David Bourget (Western Ontario)
David Chalmers (ANU, NYU)
Rafael De Clercq
Jack Alan Reynolds
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International Studies in the Philosophy of Science 17 (3):225-244 (2003)
I argue against theories that attempt to reduce scientific representation to similarity or isomorphism. These reductive theories aim to radically naturalize the notion of representation, since they treat scientist's purposes and intentions as non-essential to representation. I distinguish between the means and the constituents of representation, and I argue that similarity and isomorphism are common but not universal means of representation. I then present four other arguments to show that similarity and isomorphism are not the constituents of scientific representation. I finish by looking at the prospects for weakened versions of these theories, and I argue that only those that abandon the aim to radically naturalize scientific representation are likely to be successful
|Keywords||Isomorphism Representation Science Similarity Structure|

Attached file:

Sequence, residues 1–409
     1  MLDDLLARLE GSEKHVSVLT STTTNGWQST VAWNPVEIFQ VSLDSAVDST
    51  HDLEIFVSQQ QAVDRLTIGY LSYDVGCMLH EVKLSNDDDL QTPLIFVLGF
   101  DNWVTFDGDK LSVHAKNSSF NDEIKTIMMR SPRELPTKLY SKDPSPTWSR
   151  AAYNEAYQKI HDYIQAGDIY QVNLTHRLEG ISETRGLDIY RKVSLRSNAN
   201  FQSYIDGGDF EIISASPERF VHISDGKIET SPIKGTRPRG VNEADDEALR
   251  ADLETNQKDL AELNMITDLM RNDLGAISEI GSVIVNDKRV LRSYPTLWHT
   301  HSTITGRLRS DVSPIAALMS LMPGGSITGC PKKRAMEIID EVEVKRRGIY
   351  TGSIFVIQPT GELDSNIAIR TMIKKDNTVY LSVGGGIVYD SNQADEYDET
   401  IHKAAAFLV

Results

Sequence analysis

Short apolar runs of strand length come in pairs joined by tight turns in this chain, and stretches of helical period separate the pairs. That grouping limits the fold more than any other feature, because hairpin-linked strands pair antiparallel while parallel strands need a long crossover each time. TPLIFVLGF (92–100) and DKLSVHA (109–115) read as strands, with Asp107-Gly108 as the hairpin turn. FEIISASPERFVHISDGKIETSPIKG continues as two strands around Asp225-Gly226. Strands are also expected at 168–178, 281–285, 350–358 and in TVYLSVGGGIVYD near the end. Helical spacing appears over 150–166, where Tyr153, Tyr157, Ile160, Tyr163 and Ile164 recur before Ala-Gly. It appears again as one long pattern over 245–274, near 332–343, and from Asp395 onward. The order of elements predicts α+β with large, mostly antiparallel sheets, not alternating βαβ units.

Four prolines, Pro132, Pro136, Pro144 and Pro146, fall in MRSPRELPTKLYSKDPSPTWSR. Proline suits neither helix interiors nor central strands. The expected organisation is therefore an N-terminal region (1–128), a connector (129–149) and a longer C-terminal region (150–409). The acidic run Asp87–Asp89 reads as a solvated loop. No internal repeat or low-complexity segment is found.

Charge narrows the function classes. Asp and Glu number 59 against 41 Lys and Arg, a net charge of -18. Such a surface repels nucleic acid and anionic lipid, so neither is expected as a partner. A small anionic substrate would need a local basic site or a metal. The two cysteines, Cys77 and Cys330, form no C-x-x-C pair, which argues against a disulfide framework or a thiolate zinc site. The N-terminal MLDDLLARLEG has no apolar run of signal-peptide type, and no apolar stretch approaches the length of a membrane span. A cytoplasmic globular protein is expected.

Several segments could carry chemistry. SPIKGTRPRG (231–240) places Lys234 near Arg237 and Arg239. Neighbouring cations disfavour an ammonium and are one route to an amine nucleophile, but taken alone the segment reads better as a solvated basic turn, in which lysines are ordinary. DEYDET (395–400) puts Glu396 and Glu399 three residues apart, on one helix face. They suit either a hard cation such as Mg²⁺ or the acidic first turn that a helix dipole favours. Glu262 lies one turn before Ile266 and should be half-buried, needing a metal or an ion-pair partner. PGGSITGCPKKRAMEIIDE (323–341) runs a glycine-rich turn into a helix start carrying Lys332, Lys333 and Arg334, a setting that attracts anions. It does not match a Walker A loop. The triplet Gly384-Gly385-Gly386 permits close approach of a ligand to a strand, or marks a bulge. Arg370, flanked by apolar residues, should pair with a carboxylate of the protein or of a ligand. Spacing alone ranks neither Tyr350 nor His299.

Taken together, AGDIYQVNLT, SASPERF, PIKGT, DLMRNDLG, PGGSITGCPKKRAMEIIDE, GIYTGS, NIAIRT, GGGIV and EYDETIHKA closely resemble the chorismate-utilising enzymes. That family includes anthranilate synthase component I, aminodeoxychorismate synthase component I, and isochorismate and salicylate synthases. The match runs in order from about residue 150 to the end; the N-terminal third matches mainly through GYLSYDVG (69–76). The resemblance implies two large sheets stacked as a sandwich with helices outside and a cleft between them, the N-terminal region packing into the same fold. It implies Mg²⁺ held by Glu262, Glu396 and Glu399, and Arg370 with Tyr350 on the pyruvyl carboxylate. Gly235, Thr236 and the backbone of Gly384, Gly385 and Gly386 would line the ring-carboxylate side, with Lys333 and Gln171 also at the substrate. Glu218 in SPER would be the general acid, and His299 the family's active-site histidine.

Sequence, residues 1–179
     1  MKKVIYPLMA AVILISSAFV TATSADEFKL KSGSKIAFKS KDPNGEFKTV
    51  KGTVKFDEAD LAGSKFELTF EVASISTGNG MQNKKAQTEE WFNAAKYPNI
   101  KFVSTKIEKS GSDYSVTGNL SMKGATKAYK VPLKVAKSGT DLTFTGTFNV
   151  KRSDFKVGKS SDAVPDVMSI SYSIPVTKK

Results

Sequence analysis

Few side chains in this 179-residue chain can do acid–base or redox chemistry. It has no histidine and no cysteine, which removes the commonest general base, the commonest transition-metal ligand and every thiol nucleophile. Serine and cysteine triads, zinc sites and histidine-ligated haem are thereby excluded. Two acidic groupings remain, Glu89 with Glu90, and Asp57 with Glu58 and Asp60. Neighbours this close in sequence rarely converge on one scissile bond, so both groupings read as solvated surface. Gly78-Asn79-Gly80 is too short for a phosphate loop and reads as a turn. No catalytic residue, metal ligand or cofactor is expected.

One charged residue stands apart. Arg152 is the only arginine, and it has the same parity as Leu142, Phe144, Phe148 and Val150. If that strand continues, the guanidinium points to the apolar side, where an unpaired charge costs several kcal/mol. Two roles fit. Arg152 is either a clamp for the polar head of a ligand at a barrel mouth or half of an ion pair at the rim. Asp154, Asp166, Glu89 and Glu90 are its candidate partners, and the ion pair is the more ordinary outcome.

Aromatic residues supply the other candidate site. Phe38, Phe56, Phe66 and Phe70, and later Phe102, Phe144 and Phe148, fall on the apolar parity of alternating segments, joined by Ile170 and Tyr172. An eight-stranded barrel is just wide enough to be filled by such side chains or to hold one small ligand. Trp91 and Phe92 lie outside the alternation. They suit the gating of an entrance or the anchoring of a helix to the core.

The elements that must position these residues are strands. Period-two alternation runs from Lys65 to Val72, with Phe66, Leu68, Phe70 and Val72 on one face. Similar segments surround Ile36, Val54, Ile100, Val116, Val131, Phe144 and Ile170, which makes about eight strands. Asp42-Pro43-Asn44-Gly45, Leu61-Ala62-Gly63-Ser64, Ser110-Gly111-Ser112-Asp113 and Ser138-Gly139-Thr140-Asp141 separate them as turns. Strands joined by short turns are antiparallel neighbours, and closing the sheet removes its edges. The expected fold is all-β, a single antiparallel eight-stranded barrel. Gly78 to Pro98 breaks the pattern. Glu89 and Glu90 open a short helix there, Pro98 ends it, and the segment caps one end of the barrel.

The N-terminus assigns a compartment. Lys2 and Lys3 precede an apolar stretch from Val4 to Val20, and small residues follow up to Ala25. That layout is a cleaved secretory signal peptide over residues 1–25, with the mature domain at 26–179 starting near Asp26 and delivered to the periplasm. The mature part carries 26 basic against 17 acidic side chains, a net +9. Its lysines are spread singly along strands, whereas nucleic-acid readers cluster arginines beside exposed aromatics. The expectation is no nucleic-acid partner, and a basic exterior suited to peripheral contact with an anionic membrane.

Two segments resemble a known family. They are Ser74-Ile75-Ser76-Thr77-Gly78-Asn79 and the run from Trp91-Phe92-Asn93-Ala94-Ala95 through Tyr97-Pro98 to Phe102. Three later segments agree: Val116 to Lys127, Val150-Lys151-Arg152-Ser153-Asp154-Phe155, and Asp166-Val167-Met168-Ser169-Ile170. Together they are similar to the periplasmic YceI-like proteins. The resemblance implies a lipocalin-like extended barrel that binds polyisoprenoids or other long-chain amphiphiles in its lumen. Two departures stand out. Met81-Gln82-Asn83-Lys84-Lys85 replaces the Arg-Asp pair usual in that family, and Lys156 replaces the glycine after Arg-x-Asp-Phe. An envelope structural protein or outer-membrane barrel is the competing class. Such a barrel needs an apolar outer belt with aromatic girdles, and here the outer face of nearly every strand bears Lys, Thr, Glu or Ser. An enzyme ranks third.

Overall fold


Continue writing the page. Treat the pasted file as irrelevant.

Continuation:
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Citations of this work BETA
Roman Frigg & Ioannis Votsis (2011). Everything You Always Wanted to Know About Structural Realism but Were Afraid to Ask. European Journal for Philosophy of Science 1 (2):227-276.
James Ladyman, Otávio Bueno, Mauricio Suárez & Bas van Fraassen (2011). Scientific Representation: A Long Journey From Pragmatics to Pragmatics. [REVIEW] Metascience 20 (3):417-442.
Ronald Giere (2010). An Agent-Based Conception of Models and Scientific Representation. Synthese 172 (2):269–281.
Tarja Knuuttila (2011). Modelling and Representing: An Artefactual Approach to Model-Based Representation. Studies in History and Philosophy of Science 42 (2):262-271.
Elaine Landry (2007). Shared Structure Need Not Be Shared Set-Structure. Synthese 158 (1):1 - 17.
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